Californians to blame .
Yet voters just passed higher California taxes, at least until 2030. California'sProposition 55 extended the “temporary” 13.3% tax rate on California’s high-income earners, the highest marginal tax rate in the nation. Well, it's only temporary, through 2030. These personal income tax increases on incomes over $250,000 started in 2012. It hits 1.5% of Californians, those with a single income filing of at least $263,000, or a joint income filing of at least $526,000.Many of these people must be thinking about cuts in federal taxes they might get in 2017. Yet the disproportionately high California tax rates are an increasingly large share of their tax burden. That is causing some to weigh the benefits and burdens of the Golden State. Tax-free Nevada is just across the border. Texas, Washington, and Florida also have beckon. (3)>>It seems that MOST CALIFORNIANS are gullible . Over the years we were hit with various propositions on the ballot that "claimed" to be funding education , but in reality like the vice taxes on cigarettes , alcohol  & the Lottery.  What percentage of that money went to local schools is a mystery ? Some of these tax laws linked to the education system of the state seem to be paying for other things . Of course Gov. Jerry Brown's hike on gas taxes for example is illegal since voters never approved them .Since 2003 we have had various bond measures , tax increases to pay for roads  . So where is the money going ?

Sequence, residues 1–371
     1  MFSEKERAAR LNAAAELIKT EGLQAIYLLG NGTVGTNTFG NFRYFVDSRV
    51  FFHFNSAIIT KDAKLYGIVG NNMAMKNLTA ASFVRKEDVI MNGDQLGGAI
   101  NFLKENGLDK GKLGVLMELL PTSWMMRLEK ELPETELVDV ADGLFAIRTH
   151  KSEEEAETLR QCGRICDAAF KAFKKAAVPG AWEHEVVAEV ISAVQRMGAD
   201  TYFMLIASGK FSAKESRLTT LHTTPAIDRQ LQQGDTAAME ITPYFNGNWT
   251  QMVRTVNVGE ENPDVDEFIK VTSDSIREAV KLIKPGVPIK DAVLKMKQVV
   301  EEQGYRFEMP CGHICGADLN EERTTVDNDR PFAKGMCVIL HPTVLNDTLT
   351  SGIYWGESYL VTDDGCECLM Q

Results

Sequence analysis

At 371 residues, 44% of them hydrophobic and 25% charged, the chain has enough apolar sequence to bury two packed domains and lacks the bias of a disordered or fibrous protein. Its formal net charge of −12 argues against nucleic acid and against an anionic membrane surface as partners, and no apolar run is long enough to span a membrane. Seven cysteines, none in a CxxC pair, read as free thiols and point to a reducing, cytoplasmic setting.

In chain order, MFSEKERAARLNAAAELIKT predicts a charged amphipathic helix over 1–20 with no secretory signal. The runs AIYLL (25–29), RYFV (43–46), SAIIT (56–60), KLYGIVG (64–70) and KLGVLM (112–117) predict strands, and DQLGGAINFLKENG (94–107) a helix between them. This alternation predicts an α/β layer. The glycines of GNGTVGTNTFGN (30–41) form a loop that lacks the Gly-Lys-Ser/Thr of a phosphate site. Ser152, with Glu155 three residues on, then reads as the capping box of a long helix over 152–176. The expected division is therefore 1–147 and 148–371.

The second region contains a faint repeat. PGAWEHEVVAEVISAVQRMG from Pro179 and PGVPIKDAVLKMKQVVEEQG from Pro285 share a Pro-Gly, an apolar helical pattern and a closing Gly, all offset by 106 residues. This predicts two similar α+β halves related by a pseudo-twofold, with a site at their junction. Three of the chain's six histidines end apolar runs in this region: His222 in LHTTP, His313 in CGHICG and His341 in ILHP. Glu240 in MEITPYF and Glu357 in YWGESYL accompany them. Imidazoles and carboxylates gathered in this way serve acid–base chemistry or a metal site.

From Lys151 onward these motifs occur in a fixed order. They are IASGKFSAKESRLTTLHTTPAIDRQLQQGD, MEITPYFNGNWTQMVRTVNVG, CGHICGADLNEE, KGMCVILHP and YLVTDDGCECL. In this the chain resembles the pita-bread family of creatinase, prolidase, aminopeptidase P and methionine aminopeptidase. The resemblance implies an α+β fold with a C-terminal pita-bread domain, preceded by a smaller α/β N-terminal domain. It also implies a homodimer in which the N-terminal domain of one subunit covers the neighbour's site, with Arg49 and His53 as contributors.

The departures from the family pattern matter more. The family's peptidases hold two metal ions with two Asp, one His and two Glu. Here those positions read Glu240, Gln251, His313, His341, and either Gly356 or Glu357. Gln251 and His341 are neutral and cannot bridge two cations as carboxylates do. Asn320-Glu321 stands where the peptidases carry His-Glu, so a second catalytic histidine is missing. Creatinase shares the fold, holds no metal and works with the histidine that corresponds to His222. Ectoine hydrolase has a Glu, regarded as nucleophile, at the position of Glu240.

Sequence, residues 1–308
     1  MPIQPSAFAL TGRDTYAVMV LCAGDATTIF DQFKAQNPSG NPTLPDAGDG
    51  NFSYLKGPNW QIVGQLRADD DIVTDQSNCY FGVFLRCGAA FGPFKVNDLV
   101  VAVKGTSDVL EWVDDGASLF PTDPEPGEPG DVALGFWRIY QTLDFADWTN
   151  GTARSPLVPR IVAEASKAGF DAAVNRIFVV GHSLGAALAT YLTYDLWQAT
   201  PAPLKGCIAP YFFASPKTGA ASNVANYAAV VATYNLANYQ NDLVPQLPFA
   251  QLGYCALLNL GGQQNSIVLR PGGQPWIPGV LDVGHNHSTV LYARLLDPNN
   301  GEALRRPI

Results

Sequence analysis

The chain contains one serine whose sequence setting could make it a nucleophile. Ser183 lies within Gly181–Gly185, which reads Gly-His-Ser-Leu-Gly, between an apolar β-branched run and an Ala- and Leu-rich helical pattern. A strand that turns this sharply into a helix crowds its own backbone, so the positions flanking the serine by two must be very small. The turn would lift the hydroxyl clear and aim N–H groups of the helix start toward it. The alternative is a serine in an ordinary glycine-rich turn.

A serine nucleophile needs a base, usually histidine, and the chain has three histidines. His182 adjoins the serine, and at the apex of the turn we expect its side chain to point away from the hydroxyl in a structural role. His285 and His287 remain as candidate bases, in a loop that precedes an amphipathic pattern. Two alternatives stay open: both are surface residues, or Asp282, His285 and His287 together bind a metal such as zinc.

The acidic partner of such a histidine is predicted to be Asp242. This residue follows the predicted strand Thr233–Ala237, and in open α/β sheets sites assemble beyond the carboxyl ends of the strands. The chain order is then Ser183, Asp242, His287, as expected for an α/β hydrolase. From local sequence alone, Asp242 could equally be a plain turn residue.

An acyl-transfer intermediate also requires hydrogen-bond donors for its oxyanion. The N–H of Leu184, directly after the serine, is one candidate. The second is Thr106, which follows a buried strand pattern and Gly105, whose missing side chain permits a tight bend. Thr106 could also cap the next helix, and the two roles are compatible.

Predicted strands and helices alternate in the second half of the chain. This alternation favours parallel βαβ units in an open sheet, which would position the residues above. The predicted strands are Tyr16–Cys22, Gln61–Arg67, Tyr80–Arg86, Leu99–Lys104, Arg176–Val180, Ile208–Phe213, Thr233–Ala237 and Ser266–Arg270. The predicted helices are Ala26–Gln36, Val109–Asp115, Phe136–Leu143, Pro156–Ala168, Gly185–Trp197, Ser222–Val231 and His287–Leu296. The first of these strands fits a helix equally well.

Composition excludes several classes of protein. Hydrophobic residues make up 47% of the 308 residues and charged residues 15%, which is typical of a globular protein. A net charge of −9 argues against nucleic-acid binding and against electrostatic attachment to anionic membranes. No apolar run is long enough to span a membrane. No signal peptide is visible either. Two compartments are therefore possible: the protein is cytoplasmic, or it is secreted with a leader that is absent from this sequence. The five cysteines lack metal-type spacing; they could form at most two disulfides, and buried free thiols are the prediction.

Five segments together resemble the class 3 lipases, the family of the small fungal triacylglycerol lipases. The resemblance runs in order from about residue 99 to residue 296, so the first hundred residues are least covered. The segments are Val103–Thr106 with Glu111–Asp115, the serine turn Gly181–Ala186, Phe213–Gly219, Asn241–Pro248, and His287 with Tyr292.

2018 California's attempt for  Health Care for all.